5. Jim says:

    Yes, see, I took one of his “debunking” points and indicated why I believe it is fallacious in and of itself, thus and by implication that his other debunking points may be similarly flawed. It is also being quoted in a post entitled “Libertarianism Is Silly” and tagged as “Fucking Morons” (I’m assuming that is not a reference to Mike Huben and the individuals contributing to the FAQ).
    Not sure what you think I missed, except perhaps Mike’s intent, which I may have misread. If Mike is a great libertarian proponent, then I apologize to him. I feel pretty comfortable that I get this blog’s Mike’s views of libertarianism.

  6. Jim says:

    I’ll also add, for completeness, that this blog’s Mike brought the link in via Amanda, whose views (“Libertarianism is so silly it can be shot down in a one page FAQ.”) and the views of many of her commentators relating to libertarianism seem quite clear. Unless I have also misread Amanda and she is merely being facetious, and is also a big supporter of libertarianism.

  7. Anonymous says:

    It is sympathetic that he is attacking a set of fallacious arguments, since it is indicative of the type of denialism that denialism blog identifies. I find it very hard to identify libertarianism outside the fallacious philosophical one, and “want to minimize government” doesn’t cut it since others may chose this, even consistently from wanting to minimize taxes outside wanted expenditures. (“Choosing to minimize government over expenditure” is feasible, since that is what makes it denialism and fundamentalism.)

  8. C. Birkbeck says:

    Oddly, I never read the FAQ (or might have read it and forgot it) – the links are some varied and interesting.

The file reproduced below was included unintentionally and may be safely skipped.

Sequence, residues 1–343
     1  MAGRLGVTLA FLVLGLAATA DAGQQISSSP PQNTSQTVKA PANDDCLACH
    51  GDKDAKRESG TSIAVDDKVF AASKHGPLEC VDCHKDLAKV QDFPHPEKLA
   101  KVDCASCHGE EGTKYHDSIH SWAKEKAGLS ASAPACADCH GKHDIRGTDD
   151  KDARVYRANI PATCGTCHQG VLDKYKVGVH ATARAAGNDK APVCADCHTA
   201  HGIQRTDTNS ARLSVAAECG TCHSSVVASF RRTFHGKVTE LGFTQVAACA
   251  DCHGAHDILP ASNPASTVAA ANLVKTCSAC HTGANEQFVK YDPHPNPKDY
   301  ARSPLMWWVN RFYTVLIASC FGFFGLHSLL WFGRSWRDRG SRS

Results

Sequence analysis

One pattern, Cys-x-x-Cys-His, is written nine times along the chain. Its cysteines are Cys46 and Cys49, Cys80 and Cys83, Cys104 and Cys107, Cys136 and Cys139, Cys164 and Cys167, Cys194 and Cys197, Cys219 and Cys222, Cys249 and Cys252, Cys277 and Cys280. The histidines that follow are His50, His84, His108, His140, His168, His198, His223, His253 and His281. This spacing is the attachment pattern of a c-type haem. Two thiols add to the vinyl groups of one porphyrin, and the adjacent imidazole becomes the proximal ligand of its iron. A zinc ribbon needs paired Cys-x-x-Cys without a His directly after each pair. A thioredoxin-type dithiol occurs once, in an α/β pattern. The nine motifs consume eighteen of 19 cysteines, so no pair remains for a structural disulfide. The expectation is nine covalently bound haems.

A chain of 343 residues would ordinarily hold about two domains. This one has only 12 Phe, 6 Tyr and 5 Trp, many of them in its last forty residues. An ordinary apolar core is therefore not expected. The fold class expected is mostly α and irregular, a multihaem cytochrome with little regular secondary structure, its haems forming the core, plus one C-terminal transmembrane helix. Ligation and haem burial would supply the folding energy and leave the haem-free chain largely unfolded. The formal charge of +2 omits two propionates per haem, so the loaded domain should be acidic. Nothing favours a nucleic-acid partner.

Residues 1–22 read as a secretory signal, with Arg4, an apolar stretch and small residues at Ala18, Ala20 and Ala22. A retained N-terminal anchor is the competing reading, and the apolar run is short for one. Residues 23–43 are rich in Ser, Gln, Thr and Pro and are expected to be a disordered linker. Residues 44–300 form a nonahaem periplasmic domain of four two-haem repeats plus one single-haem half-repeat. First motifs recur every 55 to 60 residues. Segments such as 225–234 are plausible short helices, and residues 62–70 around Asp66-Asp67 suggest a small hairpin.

9. Chuck C says:

    The foremost defenders of our freedoms and rights, which libertarians prefer you overlook, are our governments. National defense, police, courts, registries of deeds, public defenders, the Constitution and the Bill Of Rights, etc. all are government efforts that work towards defending freedoms and rights.

    What a hoot. “My government is spying on me, taking money from me to subsidize people who are trying to kill me, and it claims the right to imprison me without informing me of the charges or letting me see an attorney, but at least I have a register of deeds!

  10. Ktesibios says:

    If you combine the Libertarian and Green parties, you have the blue serge suit of American politics- each attracts kooks and cranks the way as blue serge suit attracts lint.
    Which is the jacket and which the trousers is debatable.

  11. Jim says:

    I guess it isn’t hard to come on and say libertarianism is silly, that it is filled with kooks and cranks.
    I guess it would be harder to actually address the points libertarians have raised, since no one has made the attempt.

  12. llewelly says:

    This FAQ is structured a lot like Dawkins’ The God Delusion . It starts off by observing that many members of a group are not kooks, but nonetheless, the kooks are the dangerous members of the group, and therefor, it is the kooks that the document focuses on. The NLFAQ skips the sound points that some libertarians have raised, largely because the sound points are not a danger, and not terribly relevant to the kooks among libertarians.

  13. Eric says:

    I am a Libertarian of sorts. I wholly agree with their position on personal liberty. I just wish to be left alone. With whom I choose to have sexual relations (adults only, natch), whatever substances I choose to ingest, what food & drink I choose to consume, and what god I choose to worship (or not) is up to me.